Down in the wilds of South Texas, lost in the mesquite and huisache thickets, lie the dreams of a Czech pioneer immigrant and the remains of the town that he founded.
Little is left of the town of Mikeska. The streets are overgrown with brush. The general store is now a garage. The dancehall, schoolhouse and train depot are long gone. Even the memories of the town are dying with the old-timers that treasure them. Peter Mikeska’s dream was only a short-lived reality.
Peter Mikeska was born in the Moravian village of Zadverice in 1855. His father, a miller named Peter Mikeska, and his mother, Anna Siler, died while he was a child. In 1867 he accompanied an older sister to Texas. At first Peter Mikeska worked as a farmhand in Austin County. In 1875 he married Anna Kovar, the step-daughter of Martin Supak, and they settled in Novy Tabor near Caldwell, Texas. While in Burleson County, Peter Mikeska farmed and operated a cotton gin. In 1892, however, he sold his gin and farmland and moved to Live Oak County where he had bought over 1200 acres on the Nueces River.
By 1900 a small community had grown up around the Mikeska ranch. The town came to be known as Mikeska (even though most of the townsfolk were Irish) and Peter Mikeska was its promoter and patriarch.
For several years the closest post office was located at Dinero, some fifteen miles downriver. Peter Mikeska got his town a post office, and he had it installed in a general store that he built.
In the early days of the Mikeska community, children went to school across the river in Gussettville. Mikeska needed a school of its own, so Peter Mikeska sold the county a plot of land for five dollars, and a two-room schoolhouse was built.
Mikeska’s link to civilization was the road to Beeville. The road crossed the Nueces River, which could be forded, but floods made the crossing dangerous. Consequently Peter Mikeska got a bridge. County voters had to approve the bridge project, so Peter Mikeska held a free barbecue and dance on the river bank to promote it. His efforts were successful. The voters said yes, and Mikeska got its bridge.
Peter Mikeska sold his son-in-law, Joe Janak, a couple of lots in the town to build a dancehall. The two-storied building had a dance floor upstairs and two stores downstairs. The Saturday-night dances were the main social events of the neighboring county.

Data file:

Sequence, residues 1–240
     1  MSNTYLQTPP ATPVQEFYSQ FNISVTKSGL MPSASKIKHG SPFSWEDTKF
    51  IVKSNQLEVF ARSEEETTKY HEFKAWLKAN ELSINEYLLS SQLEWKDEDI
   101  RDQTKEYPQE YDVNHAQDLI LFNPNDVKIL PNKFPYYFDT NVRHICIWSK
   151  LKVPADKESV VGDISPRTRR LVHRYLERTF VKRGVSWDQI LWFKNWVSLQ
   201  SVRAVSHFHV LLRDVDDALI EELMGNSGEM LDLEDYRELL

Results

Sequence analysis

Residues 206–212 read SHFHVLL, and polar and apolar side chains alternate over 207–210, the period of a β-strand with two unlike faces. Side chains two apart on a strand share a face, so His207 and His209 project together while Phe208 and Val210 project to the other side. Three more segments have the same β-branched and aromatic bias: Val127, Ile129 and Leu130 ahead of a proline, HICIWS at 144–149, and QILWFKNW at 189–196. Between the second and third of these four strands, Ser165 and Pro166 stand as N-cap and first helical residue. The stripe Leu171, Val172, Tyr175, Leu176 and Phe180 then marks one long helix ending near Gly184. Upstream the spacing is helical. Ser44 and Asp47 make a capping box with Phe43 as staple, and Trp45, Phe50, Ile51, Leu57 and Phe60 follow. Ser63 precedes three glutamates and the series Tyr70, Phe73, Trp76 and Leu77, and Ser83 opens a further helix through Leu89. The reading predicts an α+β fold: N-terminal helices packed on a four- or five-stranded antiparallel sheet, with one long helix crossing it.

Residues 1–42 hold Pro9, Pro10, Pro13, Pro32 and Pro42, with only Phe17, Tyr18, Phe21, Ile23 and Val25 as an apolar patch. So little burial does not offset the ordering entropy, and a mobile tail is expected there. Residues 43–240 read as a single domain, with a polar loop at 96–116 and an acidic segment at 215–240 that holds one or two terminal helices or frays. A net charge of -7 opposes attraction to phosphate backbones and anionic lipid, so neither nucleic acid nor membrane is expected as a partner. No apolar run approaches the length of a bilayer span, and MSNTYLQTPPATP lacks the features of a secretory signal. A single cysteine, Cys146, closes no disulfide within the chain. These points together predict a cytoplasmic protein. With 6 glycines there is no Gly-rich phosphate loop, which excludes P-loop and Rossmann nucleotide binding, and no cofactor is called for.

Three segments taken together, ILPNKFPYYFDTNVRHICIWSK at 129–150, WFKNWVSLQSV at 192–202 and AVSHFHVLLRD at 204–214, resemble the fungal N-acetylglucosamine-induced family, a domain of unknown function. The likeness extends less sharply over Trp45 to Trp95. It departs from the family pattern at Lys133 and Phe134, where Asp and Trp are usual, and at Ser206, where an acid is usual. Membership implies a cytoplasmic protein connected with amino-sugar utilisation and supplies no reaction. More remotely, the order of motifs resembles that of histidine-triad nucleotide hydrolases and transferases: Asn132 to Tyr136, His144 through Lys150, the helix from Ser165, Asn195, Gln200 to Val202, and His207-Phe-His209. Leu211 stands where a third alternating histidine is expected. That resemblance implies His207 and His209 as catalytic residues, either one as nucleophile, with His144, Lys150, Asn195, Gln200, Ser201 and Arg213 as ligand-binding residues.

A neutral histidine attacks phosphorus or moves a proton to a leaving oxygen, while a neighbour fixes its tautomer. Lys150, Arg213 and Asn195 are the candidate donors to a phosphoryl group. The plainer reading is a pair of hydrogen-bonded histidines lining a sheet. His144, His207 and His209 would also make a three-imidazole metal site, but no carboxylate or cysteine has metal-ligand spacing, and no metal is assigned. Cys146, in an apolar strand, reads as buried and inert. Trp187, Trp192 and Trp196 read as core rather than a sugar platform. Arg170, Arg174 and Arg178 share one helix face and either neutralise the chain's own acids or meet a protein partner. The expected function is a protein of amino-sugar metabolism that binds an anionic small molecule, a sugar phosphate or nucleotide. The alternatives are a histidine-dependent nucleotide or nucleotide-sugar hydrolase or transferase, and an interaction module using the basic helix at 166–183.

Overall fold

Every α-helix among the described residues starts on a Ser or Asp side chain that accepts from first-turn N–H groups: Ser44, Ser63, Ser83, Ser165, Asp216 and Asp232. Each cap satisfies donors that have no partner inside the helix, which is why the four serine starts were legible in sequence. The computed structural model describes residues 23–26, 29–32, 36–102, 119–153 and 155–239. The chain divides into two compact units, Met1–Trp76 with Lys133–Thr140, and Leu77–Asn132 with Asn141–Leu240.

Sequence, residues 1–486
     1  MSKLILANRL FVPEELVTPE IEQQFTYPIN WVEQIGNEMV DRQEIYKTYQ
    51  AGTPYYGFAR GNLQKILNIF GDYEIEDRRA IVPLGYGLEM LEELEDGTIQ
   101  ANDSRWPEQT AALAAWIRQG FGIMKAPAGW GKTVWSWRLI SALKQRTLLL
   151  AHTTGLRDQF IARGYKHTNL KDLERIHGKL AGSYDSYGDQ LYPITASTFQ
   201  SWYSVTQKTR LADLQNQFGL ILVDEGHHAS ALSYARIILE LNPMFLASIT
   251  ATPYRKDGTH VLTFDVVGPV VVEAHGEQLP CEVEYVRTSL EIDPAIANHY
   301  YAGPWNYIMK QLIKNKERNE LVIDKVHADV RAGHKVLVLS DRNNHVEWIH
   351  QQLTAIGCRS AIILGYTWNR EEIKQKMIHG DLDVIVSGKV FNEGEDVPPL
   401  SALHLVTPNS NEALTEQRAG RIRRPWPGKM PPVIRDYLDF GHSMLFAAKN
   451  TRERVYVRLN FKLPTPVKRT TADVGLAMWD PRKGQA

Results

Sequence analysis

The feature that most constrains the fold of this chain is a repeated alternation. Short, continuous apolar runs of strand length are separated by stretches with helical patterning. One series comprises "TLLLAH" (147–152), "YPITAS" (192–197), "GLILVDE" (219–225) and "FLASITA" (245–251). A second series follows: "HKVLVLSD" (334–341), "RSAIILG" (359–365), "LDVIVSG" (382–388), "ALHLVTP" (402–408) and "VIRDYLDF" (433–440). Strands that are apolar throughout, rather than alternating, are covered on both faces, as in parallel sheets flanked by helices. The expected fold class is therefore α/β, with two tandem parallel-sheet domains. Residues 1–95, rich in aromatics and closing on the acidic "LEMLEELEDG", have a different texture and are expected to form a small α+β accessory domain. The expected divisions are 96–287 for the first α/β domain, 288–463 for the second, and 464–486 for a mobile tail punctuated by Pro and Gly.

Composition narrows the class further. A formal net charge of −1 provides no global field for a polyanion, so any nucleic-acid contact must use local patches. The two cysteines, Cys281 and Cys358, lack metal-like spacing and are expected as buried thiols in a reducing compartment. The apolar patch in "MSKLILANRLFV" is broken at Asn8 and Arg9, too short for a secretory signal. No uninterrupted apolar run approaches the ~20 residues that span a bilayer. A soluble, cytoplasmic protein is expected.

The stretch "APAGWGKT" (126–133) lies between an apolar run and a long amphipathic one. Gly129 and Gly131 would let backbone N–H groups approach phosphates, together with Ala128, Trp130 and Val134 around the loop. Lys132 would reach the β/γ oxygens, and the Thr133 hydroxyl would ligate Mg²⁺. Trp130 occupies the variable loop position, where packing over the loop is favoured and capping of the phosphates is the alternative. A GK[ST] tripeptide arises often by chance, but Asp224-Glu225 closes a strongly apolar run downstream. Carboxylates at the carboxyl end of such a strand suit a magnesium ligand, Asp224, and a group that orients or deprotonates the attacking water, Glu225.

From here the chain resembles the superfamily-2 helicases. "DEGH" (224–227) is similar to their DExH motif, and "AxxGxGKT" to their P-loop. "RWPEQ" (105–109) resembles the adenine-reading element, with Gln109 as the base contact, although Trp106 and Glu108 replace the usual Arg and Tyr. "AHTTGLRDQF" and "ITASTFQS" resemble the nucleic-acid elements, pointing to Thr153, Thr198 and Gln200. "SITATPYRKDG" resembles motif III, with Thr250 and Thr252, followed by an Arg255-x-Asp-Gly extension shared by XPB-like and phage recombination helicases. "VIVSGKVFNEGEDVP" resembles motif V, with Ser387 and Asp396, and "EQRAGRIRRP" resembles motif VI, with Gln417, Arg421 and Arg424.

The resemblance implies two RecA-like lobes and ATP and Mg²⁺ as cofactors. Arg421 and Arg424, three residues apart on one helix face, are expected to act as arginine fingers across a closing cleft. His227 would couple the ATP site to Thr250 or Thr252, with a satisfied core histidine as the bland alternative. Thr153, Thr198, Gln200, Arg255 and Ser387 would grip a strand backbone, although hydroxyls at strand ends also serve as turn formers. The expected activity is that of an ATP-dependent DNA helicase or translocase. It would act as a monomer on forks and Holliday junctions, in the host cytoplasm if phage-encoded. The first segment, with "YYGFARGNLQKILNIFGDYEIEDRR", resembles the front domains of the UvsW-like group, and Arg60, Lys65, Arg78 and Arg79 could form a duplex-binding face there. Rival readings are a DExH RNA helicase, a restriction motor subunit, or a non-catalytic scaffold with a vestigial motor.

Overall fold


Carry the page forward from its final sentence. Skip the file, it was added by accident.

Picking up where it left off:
Mikeska had its folklore, too. There were the standard legends of Spanish gold buried somewhere in the surrounding hills. Once there was a rumor that Pancho Villa and his band of Mexican outlaws were going to ravage the neighborhood. Everyone boarded up his windows. Peter Mikeska’s house was turned into an armed fortress. The Mexicans never came, but the people were reminded that their side of the Nueces River was recently claimed by Mexico.
In 1914 the San Antonio, Uvalde and Gulf Railroad came through Live Oak County. For five dollars Peter Mikeska sold the railroad a hundred-foot-wide tract of land through his property, and Mikeska became a railroad town.
Peter Mikeska had great plans for his town. Unfortunately a wealthy landowner and cattle rancher named George West had great plans for a town of his own. In 1918 Live Oak County held an election to determine the site of a new county seat. Peter Mikeska wanted it, but so did George West. West got the courthouse, and while the town of George West prospered, Mikeska did not survive its founder by too many years.
Peter Mikeska died in 1928. He and his wife are buried in the public cemetery in Beeville. His town lies at rest some miles away, lost in the wilds of South Texas.
– Robert Janak
“Mikeska, Texas,” Naše Dějiny (Magazine of Czech Genealogy and Culture published in Hallettsville, Texas, by Doug Kubicek from 1982 to 1989), March-April, 1985, pages 2-5.